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27 minutes ago, MaverickSawyer said:

2 Farad capacitor

whaaaat

what's the voltage ? Surely it's just a battery ?

EDIT : After short googling it appears to be used for high-power sound systems.

Edited by YNM
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6 hours ago, MaverickSawyer said:

Hmmm. Found a 2 Farad capacitor (yes, you read that right) at the rummage sale store downtown for US$30. Was sorely tempted to buy it, but I'm not sure quite what I'd need it for, other than the sheer "what??!?" factor.

Make an railgun. 

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8 hours ago, YNM said:

whaaaat

what's the voltage ? Surely it's just a battery ?

EDIT : After short googling it appears to be used for high-power sound systems.

24V. I did the math upon finding it and quickly realized that the cap could store energy to probably start a car.

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4 minutes ago, MaverickSawyer said:

24V. I did the math upon finding it and quickly realized that the cap could store energy to probably start a car.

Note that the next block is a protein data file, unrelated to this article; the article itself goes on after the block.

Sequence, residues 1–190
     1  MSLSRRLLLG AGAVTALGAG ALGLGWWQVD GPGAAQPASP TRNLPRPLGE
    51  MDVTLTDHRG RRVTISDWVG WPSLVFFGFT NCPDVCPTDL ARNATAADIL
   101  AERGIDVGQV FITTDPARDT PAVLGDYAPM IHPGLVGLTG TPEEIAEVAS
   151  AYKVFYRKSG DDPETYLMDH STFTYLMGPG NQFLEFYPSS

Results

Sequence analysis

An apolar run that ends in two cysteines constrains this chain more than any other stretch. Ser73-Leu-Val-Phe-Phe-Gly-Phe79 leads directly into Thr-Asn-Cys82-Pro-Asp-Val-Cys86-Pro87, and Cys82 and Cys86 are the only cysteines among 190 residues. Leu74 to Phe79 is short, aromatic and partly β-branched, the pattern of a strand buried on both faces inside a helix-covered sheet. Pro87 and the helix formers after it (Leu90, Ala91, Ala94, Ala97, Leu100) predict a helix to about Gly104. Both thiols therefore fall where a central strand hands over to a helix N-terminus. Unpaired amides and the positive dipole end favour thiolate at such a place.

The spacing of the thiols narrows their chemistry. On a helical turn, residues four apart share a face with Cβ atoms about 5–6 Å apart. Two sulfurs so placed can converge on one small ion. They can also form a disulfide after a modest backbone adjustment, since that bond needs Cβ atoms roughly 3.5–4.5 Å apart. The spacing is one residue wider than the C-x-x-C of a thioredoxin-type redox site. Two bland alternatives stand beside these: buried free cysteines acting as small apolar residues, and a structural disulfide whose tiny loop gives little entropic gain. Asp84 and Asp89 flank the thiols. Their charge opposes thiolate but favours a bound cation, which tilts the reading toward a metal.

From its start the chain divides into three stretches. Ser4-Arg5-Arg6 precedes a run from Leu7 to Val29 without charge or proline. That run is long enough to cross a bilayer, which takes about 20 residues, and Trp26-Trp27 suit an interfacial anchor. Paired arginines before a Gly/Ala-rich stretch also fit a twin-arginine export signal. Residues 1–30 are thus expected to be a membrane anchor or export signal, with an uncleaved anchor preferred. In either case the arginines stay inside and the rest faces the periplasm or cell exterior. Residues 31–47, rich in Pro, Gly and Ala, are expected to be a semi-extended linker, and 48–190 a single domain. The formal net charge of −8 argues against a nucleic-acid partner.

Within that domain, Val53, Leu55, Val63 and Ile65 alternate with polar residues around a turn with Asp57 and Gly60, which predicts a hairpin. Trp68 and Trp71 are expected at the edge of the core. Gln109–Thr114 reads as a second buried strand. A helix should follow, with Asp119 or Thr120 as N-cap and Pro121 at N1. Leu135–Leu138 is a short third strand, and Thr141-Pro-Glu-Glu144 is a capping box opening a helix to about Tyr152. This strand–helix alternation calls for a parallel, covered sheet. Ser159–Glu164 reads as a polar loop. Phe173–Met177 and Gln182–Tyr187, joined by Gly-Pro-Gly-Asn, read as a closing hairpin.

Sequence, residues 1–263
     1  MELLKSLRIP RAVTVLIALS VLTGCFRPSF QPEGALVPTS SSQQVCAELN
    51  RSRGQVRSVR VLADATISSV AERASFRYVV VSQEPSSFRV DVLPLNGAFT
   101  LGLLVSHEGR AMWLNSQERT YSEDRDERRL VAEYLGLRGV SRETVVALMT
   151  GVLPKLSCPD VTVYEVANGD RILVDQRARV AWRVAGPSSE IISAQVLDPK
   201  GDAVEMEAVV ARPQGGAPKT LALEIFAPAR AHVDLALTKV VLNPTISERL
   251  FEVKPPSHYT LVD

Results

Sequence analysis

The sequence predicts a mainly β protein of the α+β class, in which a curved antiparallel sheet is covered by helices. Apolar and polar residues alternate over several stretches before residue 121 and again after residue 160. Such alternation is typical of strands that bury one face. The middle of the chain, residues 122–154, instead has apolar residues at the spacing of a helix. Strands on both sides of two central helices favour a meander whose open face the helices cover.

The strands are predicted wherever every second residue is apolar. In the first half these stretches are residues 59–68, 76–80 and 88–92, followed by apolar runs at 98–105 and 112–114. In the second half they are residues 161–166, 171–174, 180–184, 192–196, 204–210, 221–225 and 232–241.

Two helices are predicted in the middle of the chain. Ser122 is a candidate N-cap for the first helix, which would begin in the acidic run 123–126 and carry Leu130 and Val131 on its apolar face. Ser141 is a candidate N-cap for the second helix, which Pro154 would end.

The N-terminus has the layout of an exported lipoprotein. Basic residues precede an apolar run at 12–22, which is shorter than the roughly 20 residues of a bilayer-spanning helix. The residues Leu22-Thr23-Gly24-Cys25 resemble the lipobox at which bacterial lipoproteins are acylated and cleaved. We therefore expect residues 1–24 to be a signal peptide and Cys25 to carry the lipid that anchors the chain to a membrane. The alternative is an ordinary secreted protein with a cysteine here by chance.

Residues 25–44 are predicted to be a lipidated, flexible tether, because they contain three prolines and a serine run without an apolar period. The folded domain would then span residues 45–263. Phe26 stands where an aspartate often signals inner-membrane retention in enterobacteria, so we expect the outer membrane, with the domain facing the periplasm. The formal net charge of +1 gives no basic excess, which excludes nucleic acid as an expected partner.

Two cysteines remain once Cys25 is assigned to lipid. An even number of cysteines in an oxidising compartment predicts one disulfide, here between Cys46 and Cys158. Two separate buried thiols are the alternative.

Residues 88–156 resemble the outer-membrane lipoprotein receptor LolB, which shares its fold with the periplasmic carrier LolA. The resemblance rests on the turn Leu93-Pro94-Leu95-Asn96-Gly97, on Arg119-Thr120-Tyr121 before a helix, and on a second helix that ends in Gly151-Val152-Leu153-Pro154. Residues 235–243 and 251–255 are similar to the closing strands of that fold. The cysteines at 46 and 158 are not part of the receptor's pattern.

Your capacitor is not this, but here is some fun information...

 

In the EU, if your capacitor meets these criteria, then it is classified as "dual use" and possession/use/manufacture/sale is strictly controlled, due to their utility in building components for nuclear detonators:

 

High energy storage capacitors as follows:
N.B.: SEE ALSO 3A201.a.
 a. Capacitors with a repetition rate of less than 10 Hz (single shot capacitors) and having all
of the following:
 1. A voltage rating equal to or more than 5 kV;
 2. An energy density equal to or more than 250 J/kg; and
 3. A total energy equal to or more than 25 kJ;
 b. Capacitors with a repetition rate of 10 Hz or more (repetition rated capacitors) and